By Carmine Starnino Constable Kevin Gibson wants to use music to prevent street violence.
Four nights a week, Wanda Kent drives east, across Winnipeg’s Red
River and down a long cul-de-sac to a dilapidated, grey stucco building.
“On my first visit,” says the single, unemployed mother of five, “I
thought I had the wrong address.” Inside the softly lit East End
Cultural and Leisure Centre, however, is plush carpeting and a stage, as
well as a soundproof recording studio. Keyboards and a range of guitars
line the walls. There’s even a piano used by performers at the 2014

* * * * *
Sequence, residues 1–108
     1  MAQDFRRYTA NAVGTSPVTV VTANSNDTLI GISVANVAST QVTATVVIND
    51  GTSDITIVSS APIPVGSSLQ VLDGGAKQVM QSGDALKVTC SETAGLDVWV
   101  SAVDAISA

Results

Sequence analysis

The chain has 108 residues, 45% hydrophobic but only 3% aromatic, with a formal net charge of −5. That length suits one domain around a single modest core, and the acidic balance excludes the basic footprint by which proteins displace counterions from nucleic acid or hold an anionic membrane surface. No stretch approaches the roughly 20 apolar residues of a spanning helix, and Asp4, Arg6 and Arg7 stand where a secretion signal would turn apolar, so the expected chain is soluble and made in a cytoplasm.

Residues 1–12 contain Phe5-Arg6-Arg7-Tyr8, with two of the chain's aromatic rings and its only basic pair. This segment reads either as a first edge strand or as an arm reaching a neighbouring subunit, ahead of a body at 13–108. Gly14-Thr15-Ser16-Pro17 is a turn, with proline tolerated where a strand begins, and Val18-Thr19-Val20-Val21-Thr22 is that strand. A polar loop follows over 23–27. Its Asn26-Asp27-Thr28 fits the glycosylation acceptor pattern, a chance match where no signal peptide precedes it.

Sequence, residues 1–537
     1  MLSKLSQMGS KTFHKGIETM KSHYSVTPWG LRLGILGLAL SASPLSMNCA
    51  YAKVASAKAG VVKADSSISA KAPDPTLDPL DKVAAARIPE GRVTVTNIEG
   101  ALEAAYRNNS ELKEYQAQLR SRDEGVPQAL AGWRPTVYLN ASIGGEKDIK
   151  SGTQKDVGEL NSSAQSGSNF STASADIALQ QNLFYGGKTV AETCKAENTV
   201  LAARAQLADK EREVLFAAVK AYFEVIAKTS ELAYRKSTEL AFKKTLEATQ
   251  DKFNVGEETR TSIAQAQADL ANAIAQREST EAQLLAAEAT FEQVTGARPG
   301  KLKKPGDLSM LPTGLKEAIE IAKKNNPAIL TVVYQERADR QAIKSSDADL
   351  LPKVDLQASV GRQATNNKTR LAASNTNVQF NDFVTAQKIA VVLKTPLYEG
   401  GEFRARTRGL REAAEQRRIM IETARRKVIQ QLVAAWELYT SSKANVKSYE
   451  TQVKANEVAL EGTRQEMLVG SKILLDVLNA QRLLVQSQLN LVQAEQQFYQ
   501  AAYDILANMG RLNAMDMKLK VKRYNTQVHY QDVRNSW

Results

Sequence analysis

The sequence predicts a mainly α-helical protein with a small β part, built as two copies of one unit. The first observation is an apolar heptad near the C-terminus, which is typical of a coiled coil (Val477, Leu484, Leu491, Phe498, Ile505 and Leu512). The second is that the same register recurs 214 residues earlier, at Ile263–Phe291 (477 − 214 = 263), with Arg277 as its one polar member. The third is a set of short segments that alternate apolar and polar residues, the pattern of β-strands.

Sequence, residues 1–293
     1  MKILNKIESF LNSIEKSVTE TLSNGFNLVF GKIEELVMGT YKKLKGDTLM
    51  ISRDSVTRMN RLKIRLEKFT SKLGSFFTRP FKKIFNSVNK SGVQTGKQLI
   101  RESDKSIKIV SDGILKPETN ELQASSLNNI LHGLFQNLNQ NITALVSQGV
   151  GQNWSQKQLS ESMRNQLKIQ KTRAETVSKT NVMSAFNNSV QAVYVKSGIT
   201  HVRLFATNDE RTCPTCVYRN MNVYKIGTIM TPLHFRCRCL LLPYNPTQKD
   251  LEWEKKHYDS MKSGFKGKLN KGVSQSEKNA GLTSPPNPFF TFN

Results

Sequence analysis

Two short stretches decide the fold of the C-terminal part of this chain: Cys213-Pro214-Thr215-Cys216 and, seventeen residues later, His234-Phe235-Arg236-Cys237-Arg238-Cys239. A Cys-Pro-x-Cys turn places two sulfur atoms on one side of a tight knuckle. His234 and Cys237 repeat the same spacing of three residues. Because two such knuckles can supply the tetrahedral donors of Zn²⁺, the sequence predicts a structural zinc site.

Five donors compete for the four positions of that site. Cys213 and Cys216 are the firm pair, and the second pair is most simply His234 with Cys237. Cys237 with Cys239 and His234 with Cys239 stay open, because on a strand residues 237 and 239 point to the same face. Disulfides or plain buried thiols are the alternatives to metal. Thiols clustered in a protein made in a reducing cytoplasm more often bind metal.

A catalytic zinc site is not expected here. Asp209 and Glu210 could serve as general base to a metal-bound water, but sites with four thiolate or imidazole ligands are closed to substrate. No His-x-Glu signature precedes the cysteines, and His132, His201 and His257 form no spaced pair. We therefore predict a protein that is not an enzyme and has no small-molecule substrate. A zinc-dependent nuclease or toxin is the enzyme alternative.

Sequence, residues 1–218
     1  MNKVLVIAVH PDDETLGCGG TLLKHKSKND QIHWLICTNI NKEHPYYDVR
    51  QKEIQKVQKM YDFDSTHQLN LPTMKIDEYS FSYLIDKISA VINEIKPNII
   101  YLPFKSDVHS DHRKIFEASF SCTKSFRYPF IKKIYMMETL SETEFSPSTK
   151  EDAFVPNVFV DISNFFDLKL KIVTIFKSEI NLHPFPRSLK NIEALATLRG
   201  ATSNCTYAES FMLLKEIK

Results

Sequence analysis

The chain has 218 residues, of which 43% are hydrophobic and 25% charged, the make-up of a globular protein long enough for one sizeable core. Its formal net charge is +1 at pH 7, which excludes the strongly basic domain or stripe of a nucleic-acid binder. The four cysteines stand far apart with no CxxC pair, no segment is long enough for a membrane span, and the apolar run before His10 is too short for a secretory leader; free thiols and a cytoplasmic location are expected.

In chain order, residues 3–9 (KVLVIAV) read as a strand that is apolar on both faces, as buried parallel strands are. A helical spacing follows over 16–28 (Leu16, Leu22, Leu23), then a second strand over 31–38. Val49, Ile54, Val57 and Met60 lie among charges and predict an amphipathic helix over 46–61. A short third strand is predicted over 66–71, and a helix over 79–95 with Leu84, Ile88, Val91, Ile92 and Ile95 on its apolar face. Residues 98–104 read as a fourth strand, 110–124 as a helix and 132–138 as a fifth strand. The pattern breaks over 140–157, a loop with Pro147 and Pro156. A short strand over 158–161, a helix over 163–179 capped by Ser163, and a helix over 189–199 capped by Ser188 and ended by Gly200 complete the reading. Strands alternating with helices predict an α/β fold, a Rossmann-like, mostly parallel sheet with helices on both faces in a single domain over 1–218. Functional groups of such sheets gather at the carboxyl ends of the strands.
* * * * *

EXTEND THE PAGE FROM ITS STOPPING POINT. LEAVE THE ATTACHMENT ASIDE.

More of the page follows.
Kent has been bringing her 12-year-old twin girls here for two years.
It’s a chance to escape the North End, an area afflicted with the
highest rates of reported muggings and assaults in the city, and where
Kent is often afraid to let her children play outside. Tonight, a
volunteer lines up Chelsea and Cassie, both dressed in jeans and black
tops, with 20 other children, many new arrivals from Sudan and Rwanda.
Soon the group is harmonizing along with Serena Ryder’s hit song